Have you noticed how restless the mind can be? Chatter, chatter, chatter… Why does thought, endlessly, chatter? Why does the mind do this? Have you wondered why this is? Are you interested?
Thought is made up of fragments; pieces of this and that. We know this as a fact. Have you watched as thought jumps from one idea to the next- it thinks about one thing then moves onto something else and once again onto another idea. Thought is the accumulation of knowledge as information and experience. This is the same for all of us. The fragments may contain different content but essentially this movement of thought is the same; this chatter is our whole accumulated knowledge.
Thought is subjectively pieced together as memories- another universal experience to us all. This movement of memory is what we know as ‘thinking’ and it is this constant, habitual, mostly unnecessary, energy-wasting movement of memory which is also ‘our chatter.’
Memories of the past are shaped and changed this way and that way in our thinking in order to invent or predict an event or happening of the future in our imagination giving us a sense of control over these happenings. Many a times we start sentences with phrases like ‘if…’ ‘I wish…’ or ‘I should… I must… I can’t…Why don’t you…’ which signal directly to this psychological movement of time. This is also where much of our inner conflict arises as one particular fragment of thought is filtering, censoring and judging all other thought. This one fragment of thought is the ‘me’ thought. And it is this thought which is the ‘chatterer.’
If you spend a whole day simply noticing the thoughts that arise, become aware of this chatter as explaining, analysing, reporting, judging, condemning, justifying, rationalising all that you see around you and maybe you will catch that glimpse of this chatterer as the one thought that analyses, judges, explains, rationalises, condemns and reports on all that has happened.
The analyser, judge, explainer, condemner, and reporter is thought as ‘me.’ This is why we live in a world of our own. This is ‘self’ centred thinking. All this chatter is about ‘me, me, me.’ About my body, my work, my partner, my children, my country, my belief, my culture, my religion, my money, my idea, my possessions, my pain, my desires, my suffering, my pleasures, my fears, my dreams. This constant chatter about ‘me’ in ‘my world’ causes conflict, as ‘my world’ clashes with others’ ‘my world,’ it isolates and separates us as we build walls to protect the ‘me’ thought, and ultimately it leaves us unconnected to others, nature and life.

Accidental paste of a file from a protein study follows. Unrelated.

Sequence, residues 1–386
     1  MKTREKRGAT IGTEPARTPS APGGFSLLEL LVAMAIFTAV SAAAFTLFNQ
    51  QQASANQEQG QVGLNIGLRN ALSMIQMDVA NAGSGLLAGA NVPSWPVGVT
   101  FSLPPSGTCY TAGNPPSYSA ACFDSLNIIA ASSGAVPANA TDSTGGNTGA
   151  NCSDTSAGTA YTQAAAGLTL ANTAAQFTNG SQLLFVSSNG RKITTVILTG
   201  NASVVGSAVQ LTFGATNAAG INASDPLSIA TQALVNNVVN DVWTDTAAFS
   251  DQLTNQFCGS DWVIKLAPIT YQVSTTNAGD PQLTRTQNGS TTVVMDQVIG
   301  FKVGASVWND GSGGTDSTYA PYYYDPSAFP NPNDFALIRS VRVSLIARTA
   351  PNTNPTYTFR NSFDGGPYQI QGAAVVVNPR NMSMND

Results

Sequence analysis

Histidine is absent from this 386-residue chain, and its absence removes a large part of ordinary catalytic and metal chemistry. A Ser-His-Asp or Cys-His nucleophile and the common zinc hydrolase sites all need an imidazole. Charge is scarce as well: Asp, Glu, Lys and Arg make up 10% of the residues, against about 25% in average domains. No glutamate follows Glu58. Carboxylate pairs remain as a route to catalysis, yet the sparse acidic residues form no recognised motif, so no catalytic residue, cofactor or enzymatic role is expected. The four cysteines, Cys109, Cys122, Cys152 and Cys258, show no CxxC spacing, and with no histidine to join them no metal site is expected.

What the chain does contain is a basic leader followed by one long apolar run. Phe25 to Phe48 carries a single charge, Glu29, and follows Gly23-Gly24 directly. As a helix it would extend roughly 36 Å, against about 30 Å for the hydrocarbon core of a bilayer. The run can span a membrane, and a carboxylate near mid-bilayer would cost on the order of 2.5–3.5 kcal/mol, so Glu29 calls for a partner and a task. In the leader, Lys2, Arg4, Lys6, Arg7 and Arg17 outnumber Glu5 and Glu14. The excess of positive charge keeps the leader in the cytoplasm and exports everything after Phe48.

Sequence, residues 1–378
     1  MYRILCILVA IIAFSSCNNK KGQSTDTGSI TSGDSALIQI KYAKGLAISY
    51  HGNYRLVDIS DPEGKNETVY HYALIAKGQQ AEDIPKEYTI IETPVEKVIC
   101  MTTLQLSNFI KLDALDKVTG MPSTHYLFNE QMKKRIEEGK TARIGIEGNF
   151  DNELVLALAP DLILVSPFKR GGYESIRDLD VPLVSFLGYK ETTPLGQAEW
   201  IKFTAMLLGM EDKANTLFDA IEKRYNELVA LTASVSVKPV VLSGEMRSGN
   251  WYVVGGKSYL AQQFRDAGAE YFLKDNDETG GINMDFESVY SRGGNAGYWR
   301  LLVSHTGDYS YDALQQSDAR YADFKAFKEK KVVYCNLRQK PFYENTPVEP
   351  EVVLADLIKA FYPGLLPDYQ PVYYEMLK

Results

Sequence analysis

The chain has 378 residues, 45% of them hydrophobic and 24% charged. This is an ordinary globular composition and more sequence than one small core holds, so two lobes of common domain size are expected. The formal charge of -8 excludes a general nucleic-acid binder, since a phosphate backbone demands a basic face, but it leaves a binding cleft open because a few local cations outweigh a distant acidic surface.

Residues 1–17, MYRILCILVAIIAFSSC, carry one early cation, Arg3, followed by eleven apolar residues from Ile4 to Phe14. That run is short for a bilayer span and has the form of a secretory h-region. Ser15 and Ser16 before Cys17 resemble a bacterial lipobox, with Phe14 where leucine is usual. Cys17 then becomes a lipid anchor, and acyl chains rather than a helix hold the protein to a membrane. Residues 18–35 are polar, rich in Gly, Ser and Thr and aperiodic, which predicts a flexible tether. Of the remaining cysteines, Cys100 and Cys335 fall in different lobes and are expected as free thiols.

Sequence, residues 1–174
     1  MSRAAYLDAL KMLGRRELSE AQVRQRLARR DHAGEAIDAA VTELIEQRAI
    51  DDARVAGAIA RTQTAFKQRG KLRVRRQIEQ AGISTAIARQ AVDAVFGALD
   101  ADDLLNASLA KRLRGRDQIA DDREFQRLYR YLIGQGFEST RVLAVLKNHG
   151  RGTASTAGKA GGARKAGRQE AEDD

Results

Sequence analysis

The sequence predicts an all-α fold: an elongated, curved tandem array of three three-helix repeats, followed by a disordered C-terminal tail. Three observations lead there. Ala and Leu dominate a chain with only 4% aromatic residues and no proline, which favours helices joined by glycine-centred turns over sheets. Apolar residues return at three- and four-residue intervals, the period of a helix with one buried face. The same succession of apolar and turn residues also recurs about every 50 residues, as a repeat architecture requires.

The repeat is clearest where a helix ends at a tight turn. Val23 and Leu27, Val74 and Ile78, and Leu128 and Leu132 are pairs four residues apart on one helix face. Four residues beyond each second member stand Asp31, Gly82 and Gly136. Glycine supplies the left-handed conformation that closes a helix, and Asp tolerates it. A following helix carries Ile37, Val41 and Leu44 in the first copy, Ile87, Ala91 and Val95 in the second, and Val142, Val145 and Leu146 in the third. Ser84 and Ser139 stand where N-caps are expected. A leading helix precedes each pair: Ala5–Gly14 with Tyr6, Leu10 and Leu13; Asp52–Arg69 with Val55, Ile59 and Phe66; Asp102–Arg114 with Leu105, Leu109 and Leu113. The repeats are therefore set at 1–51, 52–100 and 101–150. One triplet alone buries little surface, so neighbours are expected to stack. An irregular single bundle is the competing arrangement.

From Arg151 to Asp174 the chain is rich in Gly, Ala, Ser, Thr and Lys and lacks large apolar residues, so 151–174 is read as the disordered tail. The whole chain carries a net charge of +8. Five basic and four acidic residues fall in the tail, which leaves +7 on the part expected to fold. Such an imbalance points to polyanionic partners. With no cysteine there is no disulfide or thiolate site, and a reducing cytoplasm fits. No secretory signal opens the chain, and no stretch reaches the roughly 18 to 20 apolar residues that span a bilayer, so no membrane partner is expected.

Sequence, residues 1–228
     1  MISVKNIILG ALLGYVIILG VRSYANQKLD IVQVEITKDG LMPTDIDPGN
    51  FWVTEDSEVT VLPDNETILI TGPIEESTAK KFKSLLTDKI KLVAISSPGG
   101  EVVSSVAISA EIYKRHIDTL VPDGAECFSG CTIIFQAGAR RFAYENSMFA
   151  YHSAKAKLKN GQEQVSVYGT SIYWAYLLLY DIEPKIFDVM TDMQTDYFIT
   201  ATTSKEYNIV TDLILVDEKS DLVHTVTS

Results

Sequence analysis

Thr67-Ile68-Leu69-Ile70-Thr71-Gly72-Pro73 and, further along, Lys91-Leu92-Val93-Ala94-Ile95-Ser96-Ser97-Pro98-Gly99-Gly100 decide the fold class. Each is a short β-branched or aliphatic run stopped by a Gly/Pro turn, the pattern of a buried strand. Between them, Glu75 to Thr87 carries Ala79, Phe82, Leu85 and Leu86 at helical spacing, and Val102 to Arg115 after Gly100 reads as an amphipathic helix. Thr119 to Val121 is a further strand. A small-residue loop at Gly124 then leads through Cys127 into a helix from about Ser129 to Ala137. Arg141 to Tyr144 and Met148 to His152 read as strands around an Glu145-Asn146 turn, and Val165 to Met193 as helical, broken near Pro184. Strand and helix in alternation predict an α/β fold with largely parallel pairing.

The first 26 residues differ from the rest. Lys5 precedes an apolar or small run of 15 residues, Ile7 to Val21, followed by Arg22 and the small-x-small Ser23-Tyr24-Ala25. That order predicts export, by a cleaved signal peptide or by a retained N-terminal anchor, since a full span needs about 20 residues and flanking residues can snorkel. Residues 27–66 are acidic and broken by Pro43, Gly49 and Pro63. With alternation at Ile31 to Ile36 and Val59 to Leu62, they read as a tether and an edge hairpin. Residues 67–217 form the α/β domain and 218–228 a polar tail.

When one observes the mind that chatters, that projects ideas, that lives in contradiction, conflict and comparison, it must observe choicelessly. Have you sat on a bus and just watched the world happen? Have sat in an airport and merely watched all the people? Have you taken a walk alone in silence? Have you watched a baby interact with toys? If you have sat and observed without any thinking, just merely watching then this means that observation can take place without judging, condemning, justifying, explaining and analysing. Can you observe yourself, and thought in this same way?
Can you be choicelessly attentive to the feelings that arise as you go about your day? Can you choicelessly observe the thoughts that arise as you interact with others? Can you be choicelessly aware of all that is happening around you? Can you?
If you give your whole self to this exercise for just one day, completely live choicelessly for one day you will discover for yourself what it means to live free of conflict, contradiction and comparison. You will discover for yourself what it means to be connected to others, to nature and to life itself. You will discover for yourself what it means to live without fear.